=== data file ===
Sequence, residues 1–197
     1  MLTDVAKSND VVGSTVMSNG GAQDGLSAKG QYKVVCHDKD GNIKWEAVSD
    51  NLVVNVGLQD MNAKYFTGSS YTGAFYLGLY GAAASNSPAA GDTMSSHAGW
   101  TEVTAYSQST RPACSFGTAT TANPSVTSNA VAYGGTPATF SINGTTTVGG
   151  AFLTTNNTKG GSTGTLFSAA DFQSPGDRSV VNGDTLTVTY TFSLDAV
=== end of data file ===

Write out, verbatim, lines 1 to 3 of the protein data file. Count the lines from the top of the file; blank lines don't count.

Sequence, residues 1–197
     1  MLTDVAKSND VVGSTVMSNG GAQDGLSAKG QYKVVCHDKD GNIKWEAVSD
    51  NLVVNVGLQD MNAKYFTGSS YTGAFYLGLY GAAASNSPAA GDTMSSHAGW